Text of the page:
How Puerto Rico got into this mess is a long story, with plenty of villains: The island’s government frittered away funds on unproductive investments and bloated payrolls; Wall Street bankers enabled more borrowing, collecting $880 million in fees since 2000; the U.S. government’s policy of tax-free status for Puerto Rico bonds, meant to boost its economic development, subsidized the island’s habit of living beyond its means.
Accompanying this mess has been near-total economic failure:
Puerto Rico’s output has declined 16 percent since 2004. Its recession, triggered by the 2006 phaseout of a federal manufacturing tax break, began before that of the mainland and lasted longer. Only about a million of Puerto Rico’s 3.6 million people are employed. Not coincidentally, Puerto Rico’s population shrank 4 percent in the past decade, as many of the best and brightest sought opportunity on the U.S. mainland.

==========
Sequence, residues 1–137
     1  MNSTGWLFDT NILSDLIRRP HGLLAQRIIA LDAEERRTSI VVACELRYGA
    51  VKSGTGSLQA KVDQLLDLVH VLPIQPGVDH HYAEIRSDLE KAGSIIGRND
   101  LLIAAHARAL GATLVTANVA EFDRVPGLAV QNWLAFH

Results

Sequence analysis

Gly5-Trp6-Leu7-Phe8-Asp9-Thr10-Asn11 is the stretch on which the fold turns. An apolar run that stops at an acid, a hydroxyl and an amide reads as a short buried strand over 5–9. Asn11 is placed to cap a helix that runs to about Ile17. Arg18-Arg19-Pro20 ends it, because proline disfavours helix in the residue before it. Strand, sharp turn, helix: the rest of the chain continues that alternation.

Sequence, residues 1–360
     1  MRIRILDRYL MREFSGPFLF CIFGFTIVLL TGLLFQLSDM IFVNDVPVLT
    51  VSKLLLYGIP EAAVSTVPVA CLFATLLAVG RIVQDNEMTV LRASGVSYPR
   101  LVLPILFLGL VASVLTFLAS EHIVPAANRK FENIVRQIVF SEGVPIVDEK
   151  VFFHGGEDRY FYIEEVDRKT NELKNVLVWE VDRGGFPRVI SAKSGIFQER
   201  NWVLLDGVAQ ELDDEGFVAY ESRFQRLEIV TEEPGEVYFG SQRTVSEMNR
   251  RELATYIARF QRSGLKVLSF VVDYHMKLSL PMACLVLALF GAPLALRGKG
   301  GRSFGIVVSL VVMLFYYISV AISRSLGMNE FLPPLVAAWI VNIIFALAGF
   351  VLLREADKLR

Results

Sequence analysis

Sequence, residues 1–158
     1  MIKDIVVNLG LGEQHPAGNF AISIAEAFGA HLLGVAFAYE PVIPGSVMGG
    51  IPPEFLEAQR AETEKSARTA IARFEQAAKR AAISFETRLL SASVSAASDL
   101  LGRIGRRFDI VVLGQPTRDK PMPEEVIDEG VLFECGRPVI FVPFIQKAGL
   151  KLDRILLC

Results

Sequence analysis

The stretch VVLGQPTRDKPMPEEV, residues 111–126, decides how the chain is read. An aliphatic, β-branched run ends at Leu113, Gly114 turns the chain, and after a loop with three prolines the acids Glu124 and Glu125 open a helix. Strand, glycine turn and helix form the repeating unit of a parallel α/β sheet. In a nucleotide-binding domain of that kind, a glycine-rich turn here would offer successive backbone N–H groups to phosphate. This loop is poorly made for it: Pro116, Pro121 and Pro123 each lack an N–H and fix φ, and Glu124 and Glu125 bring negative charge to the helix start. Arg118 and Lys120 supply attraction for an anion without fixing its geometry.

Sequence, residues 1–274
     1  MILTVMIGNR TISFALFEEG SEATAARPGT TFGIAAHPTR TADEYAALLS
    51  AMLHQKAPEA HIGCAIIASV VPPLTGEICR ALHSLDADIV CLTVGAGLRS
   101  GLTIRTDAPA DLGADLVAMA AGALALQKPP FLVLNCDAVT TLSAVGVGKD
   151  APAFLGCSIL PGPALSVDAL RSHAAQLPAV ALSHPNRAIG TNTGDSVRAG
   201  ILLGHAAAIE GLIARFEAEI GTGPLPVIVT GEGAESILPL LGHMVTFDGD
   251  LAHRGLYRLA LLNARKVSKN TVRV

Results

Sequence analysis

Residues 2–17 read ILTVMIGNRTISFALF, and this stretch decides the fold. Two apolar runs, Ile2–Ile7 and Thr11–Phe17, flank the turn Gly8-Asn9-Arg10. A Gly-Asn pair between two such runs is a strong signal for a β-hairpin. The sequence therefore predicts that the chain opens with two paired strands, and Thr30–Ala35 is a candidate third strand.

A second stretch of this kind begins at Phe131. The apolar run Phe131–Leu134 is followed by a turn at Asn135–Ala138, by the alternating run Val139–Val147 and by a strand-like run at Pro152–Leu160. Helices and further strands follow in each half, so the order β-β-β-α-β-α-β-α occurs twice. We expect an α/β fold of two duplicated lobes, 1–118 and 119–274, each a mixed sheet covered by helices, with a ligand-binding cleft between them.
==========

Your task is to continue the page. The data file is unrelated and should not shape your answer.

As the Post explains, Puerto Rico also finds itself in a somewhat anomalous legal pickle. Being neither a city nor a sovereign country, it’s ineligible for either Chapter 9 bankruptcy under US federal law or a bailout from the IMF.It was not so long ago that Puerto Rico sought to make acceptance as America’s 51st state a serious possibility. Since a 2012 referendum on the matter, however, any Puerto Rico-related story has been dominated by facts that make this a toxic prospect. With massive debt, high unemployment, a shrinking population and economic failure, Puerto Rico won’t endear itself to Congress any time soon.[Puerto Rican flag image courtesy of Shutterstock]